Singing voice of Terry McKay, An Affair to Remember, Twentieth Century–Fox, 1957.
Singing voice of Maria, West Side Story (musical), United Artists, 1961.
Singing voice of Louise (Gypsy Rose Lee, the title character), Gypsy (musical), Warner Bros., 1962.
Singing voice of Eliza Doolittle, My Fair Lady (musical), Warner Bros., 1964.
Singing voice of Grandmother Fa, Mulan (animated musical), Buena Vista, 1998.
Film Work; Other:
(Uncredited) Voice double for character of Lorelei Lee (singer of high notes), Gentlemen Prefer Blondes (also known as Howard Hawks' Gentlemen Prefer Blondes), Twentieth Century–Fox, 1953.
Singer and understudy for Hattie Hopkins, The Girl in Pink Tights (musical), Mark Hellinger Theatre, New York City, 1954.
Soprano, Improvisation sur Mallarme I, New York Philharmonic, New York City, 1960.
Edna, Taking My Turn (musical), Entermedia Theatre, New York City, 1983–84.
Sadie McKibben, Opal (musical), Lamb's Theatre, New York City, 1992.
Mrs. Wilson, "Losers," Ballymore (opera), Skylight Theatre, Milwaukee, WI, 1999.
Aunt Kate Morkan, James Joyce's The Dead (musical), Playwrights' Horizons, Belasco Theatre, New York City, 1999–2000, then Ahmanson Theatre, Los Angeles, 2000.
Heidi Schiller, Follies (musical), Roundabout Theatre Company, Belasco Theatre, 2001.
Ernestine von Liebedich (an opera singer), Little Mary Sunshine (staged reading of musical), New York City, 2002.
70, Girls, 70 (concert), El Portal Theatre, North Hollywood, CA, 2002.
Guido's mother, Nine (musical), Roundabout Theatre Company, Eugene O'Neill Theatre, New York City, 2003.
Gimme a Break III (benefit concert), The Culture Project, New York City, 2003.
GOTTA DANCE! A Dance Tribute to Hollywood (gala performance), City Center, New York City, 2003.
Requiem for William (series of short plays followed by songs), Transport Group, Connelly Theatre, New York City, 2003.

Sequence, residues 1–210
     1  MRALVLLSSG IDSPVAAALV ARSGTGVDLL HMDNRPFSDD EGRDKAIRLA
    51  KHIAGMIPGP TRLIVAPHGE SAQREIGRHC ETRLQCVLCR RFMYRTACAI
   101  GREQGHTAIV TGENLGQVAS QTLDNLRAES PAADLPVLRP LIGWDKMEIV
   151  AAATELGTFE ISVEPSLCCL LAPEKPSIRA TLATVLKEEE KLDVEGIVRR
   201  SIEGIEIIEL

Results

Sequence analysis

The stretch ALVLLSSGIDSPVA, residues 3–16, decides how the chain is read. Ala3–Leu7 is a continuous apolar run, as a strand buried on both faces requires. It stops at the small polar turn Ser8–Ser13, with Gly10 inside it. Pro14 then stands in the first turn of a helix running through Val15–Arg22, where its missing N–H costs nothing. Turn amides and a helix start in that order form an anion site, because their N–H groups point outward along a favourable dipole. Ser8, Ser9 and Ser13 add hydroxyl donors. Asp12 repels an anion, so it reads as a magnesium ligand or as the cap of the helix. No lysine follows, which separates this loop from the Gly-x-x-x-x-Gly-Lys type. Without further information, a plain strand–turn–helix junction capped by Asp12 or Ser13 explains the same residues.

Tonight We Sing (benefit concert), Douglas Fairbanks Theatre, New York City, 2003.
Menage, Merkin Concert Hall, New York City, 2004.
Appeared as wife, The Man Who Mistook His Wife for a Hat (opera), Lincoln Center Theater, New York City; and as nurse in Romeo and Juliet; appeared in productions of the musicals The King and I and The Sound of Music; made opera debut in a production of Elektra; appeared as Zerbinetta in Ariadne auf Naxos, Music Academy of the West, Santa Barbara, CA; performer in the musical theatre pieces Miss Donnithorne's Maggot and Pierrot Lunaire; appeared in benefit concerts and staged readings.
Fraulein Schneider, Cabaret (musical), U.S. cities, 1997–98.
Marni Nixon: The Voice of Hollywood (solo show), U.S. cities, 2003.
Television Appearances; Series:
Member of ensemble, The Ford Show, NBC, beginning 1956.
Host, Boomerang, KOMO (Seattle, WA), late 1970s and early 1980s.
Television Appearances; Miniseries:
Herself, The 100 Greatest Musicals, Channel 4, 2003.
Television Appearances; Specials:
Herself, Young People's Concerts: Folk Music in the Concert Hall (concert), 1961.
Edna, "Taking My Turn" (musical), Great Performances, PBS, 1984.
Herself, Rodgers & Hammerstein: The Sound of Movies, Arts and Entertainment, 1996.